Mach-O MacPython IDE!!!

Well, since I noticed Jack had gotten the WASTE module compiling and linking under command-line Mach-O Python in the CVS, I decided to take another stab at getting the IDE up and running as a Mach-O bundle.

After downloading WASTE, putting it in the right place (as mentioned in the comment in setup.py in CVS) and running ranlib on the libWASTE.a file, I was able to get the WASTE module to compile and link. So far so good.

Then, I dropped PythonIDEMain.py on the Python.app. Error on MacOS.EnableAppSwitch. No problem, just comment it out. I was able to get as far as macresource.need before having tough problems.

It turns out that while os.path.join and the like create '/asdf/zxcv/wqr' slash delimited strings, the code that converts a python string into a C FSRef (? or FSSpec?) needs ':' delimited strings. Or the Carbon library itself needs colon delimited strings. I didn't look into it too much except to determine that slash delimited path strings were the problem. Anyway, I wrote an awful hack in macresource.py that converts any slash delimited paths to colon delimited and allows the IDE to get up and running!!!

There are caveats, however. I had to comment out quite a few more MacOS.EnableAppSwitch calls as well as the call that installs the Console and Output windows in the IDE. But I only worked on it for about an hour, and already, I can create new python files, execute them (output goes to the Console application), use the module browser, see nice traceback windows, and bring up a post-mortem debugger! Awesome.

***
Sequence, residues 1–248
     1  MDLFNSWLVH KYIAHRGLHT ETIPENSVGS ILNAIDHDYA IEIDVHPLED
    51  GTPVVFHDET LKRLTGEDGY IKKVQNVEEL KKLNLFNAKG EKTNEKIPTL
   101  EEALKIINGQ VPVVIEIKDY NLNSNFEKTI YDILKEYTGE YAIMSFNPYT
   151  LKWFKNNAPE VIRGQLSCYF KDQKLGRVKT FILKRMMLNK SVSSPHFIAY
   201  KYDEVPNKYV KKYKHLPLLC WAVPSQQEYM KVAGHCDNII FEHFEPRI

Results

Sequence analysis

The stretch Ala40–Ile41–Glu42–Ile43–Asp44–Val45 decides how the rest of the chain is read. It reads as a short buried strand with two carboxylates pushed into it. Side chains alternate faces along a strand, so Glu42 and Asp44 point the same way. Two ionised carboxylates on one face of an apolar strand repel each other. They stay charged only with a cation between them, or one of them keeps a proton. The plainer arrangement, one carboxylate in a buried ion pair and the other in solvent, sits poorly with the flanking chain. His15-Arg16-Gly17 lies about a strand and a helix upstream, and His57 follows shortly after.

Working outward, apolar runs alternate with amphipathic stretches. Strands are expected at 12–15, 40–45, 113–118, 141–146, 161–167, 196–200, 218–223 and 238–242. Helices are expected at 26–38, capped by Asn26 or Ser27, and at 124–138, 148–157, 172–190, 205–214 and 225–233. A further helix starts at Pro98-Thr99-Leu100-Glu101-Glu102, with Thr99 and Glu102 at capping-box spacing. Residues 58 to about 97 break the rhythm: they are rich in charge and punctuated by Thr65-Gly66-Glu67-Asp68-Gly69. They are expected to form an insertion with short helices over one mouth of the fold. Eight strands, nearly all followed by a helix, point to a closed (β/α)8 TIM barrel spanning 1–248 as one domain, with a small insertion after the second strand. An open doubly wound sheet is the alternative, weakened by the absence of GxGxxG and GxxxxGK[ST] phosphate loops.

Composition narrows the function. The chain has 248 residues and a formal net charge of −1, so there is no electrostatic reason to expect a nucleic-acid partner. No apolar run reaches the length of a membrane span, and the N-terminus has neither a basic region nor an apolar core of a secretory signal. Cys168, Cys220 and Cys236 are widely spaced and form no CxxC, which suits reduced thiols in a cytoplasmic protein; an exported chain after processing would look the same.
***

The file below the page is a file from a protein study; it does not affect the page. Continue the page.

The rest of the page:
Here are some screenshots:


Apple just released AppleScript Studio

Apple just released AppleScript Studio in the December 2001 Developer Tools update! Get it from Apple.

If you haven't heard of it, AppleScript Studio is Apple's integration of a few technologies. First, they extended Project Builder to edit, format, color, and debug AppleScripts. Then, they wrote a terminology dictionary to give AppleScript the ability to manipulate Cocoa objects. Finally, they modified Interface Builder to allow the developer to hook up a Cocoa widget with an AppleScript "handler".

Several of us at my company have been eagerly awaiting this release. It's an interesting hybrid application of all the technologies Apple now controls -- some Apple projects, and some NeXT projects. Also, it seems to revive a lot of the missing rapid development possibilities left untapped by the demise of HyperCard -- all that is missing is an Object Database.

More to come as I explore the possibilities embodied in this exiting new release.